Teaching healthy eating via a food and nutrition theme is one of our favorites this time of year as it is harvest season. Healthy food activities are inviting and fun, and with the addition of some process art…well, it’s hard to go wrong!
But be sure to read all the way to the end of the post for additional ways to use this single activity in teaching your food and nutrition theme!
Healthy Food Activities Using Process Art
Healthy eating habits develop in early childhood, and by the time a child is in early adolescence, those eating habits are solidified.
Meaning that by the time a child is a teenager they don’t realize if they are grabbing an apple or a bag of chips for an after-school snack. What they choose to eat is habitual, and it only takes 13 years to create those habits.
That means that out of the 78-year average lifespan in the United States, that parents and teachers only have the first 10% of a lifetime to teach and ingrain proper diet and lifestyle.
Now, I’m a bit of a self-proclaimed “health nut”, so a food and nutrition theme lays close to my heart even without the statistics.
It’s important that preschoolers receive the right start with developing a healthy diet. I love to teach healthy food activities, and these healthy food activities are especially fun! So stay tuned… 😉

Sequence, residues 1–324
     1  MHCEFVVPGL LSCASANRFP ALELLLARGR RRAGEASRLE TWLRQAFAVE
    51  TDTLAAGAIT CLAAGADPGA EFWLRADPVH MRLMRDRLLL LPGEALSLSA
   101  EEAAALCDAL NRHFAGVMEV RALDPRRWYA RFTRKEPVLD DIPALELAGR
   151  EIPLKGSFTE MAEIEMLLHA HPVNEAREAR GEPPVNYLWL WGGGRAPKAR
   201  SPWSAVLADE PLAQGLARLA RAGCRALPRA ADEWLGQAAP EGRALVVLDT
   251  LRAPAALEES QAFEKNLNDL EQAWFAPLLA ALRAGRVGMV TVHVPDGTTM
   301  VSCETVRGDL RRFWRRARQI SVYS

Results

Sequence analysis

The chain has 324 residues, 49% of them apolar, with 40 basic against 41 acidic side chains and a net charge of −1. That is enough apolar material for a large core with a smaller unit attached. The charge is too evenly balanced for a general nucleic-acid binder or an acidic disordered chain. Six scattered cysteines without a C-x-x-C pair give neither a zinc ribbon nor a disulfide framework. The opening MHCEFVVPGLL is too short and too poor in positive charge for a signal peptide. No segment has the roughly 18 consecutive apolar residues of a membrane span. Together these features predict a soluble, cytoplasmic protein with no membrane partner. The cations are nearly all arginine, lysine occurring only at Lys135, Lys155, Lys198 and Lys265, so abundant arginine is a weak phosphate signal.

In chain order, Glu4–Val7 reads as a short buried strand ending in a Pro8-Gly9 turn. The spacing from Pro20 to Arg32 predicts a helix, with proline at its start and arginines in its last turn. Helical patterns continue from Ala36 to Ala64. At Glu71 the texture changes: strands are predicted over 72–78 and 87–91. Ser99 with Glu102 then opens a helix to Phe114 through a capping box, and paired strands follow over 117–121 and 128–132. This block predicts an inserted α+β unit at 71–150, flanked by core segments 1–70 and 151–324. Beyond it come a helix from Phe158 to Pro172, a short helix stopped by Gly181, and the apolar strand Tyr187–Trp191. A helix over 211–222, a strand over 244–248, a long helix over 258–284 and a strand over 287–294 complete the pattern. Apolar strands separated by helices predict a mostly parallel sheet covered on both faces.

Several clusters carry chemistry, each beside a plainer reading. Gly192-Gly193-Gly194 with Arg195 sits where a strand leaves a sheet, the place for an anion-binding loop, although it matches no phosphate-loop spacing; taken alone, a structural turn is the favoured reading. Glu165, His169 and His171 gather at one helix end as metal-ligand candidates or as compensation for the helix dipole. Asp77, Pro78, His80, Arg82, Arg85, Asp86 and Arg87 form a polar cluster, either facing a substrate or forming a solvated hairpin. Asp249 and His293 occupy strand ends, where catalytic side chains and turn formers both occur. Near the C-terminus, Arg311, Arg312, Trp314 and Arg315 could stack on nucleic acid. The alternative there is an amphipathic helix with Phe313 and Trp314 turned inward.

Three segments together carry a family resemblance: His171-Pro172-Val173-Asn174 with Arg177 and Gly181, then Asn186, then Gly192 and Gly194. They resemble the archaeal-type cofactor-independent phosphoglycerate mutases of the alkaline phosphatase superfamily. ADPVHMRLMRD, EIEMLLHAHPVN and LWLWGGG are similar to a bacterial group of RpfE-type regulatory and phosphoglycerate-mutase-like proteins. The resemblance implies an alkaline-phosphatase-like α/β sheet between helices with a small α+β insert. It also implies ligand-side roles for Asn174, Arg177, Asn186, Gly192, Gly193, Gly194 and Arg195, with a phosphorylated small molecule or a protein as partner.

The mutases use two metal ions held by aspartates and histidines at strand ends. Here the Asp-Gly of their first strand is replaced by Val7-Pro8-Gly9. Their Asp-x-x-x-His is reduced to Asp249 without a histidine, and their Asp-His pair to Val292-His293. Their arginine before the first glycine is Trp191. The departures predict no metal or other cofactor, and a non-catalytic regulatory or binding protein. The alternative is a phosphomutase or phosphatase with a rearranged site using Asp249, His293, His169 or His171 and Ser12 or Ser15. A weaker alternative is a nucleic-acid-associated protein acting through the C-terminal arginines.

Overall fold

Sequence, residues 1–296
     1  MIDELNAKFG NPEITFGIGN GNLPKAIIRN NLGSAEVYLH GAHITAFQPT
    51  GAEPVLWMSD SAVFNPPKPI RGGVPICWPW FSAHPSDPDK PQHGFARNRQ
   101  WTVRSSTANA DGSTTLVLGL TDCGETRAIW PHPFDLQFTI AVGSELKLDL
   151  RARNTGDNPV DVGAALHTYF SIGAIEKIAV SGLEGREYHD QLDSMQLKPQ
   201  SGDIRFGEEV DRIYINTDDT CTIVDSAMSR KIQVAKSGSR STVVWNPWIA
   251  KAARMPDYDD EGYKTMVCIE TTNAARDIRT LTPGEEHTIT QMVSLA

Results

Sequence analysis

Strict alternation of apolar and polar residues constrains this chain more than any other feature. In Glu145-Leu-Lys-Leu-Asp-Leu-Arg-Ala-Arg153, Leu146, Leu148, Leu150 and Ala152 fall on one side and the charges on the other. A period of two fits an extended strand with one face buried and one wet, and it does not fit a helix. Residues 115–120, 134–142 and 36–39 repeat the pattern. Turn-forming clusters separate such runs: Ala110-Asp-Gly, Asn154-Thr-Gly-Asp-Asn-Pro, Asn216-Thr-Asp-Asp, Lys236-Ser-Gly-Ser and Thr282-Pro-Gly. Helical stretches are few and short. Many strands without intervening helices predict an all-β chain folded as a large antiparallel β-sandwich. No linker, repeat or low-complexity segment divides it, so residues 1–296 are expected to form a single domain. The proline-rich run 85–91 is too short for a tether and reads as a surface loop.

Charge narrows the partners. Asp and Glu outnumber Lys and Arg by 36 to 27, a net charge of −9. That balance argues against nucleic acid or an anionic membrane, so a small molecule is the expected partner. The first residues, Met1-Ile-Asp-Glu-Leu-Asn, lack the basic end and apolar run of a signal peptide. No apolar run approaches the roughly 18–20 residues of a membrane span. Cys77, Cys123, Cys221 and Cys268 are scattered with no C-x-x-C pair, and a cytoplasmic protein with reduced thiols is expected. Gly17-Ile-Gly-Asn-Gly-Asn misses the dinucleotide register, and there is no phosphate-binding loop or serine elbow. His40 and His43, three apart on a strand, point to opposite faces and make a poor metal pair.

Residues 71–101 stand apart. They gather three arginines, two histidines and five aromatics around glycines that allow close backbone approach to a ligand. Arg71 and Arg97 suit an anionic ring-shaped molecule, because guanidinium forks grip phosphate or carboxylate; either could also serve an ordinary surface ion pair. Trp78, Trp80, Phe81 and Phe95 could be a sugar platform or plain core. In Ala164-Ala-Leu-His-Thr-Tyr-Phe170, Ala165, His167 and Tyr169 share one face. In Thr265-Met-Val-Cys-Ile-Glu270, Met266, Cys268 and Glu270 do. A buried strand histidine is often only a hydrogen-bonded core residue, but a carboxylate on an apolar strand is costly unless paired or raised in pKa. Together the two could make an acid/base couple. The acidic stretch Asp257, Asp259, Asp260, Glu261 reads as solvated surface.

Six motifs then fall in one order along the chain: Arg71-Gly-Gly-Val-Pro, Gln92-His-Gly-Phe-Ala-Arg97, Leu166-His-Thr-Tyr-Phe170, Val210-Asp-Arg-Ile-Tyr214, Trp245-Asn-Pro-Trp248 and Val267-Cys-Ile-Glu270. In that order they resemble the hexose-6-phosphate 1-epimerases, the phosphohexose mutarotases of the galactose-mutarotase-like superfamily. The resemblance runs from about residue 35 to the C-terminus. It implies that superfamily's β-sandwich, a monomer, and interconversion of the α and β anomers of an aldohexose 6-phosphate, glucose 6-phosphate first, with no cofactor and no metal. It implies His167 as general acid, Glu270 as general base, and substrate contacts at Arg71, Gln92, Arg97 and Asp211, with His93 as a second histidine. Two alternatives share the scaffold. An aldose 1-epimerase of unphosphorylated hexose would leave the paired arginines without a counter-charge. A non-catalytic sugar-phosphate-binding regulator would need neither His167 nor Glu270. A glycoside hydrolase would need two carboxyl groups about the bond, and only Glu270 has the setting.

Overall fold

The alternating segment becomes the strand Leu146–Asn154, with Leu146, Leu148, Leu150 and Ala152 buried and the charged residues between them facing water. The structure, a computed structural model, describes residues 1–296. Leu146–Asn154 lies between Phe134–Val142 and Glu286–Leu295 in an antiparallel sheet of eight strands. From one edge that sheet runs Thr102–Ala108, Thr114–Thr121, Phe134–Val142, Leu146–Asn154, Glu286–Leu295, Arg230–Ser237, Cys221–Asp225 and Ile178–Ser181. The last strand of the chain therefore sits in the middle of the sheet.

5 Healthy Food Activities for Preschoolers
This one healthy food activity has many variations and extensions to keep children learning about healthy eating. It’s not just process art, or scissor cutting practice, or looking at healthy food. I call this a harvest collage and it has a lot of applications within a food and nutrition theme and even a farm theme. Or even gardening!
- heavy cardstock or poster board
- seed catalog (like this one)
- leftover seeds or bird seed
- food tray (to catch the mess)
Place some bird seed into a small container and set aside. Keep cardstock and glue set aside and set out the seed catalog with a set of scissors. Invite your preschooler to do some process art with you.
The Healthy Food Process Art Activity
Invite your preschooler to first look through the seed catalog. He will immediately turn the pages to the food he likes and ask about unfamiliar foods. And he might say “yuck” to some vegetables. (Okra, anyone?) This is all okay. Identifying what foods he likes and dislikes is an important part of the process of developing healthy eating habits.
After some browsing, (and some talking) invite your preschooler to cut out some pictures of the fruits and vegetables. Don’t influence your preschooler by asking him to cut out the food he likes, just let him cut. You might be surprised by what he chooses.
And this is important because some children are drawn to food because of their color, or shape, or apparent texture. A child might think he will like acorn squash because the flesh is orange like carrots. In his mind, he will like acorn squash because he likes the carrots when in reality he doesn’t actually like the squash. BUT, the more exposure you give a child to different (or disliked) foods, the more likely they are to try them, even if that exposure some through a simple image in a seed catalog.